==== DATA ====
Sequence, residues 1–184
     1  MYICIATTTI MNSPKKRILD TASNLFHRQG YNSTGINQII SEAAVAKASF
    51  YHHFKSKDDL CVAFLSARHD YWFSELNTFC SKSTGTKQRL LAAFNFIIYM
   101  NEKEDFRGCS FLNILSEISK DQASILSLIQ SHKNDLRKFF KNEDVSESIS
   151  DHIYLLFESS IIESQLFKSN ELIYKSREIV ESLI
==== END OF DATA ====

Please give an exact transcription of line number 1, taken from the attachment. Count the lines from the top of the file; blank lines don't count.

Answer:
Sequence, residues 1–184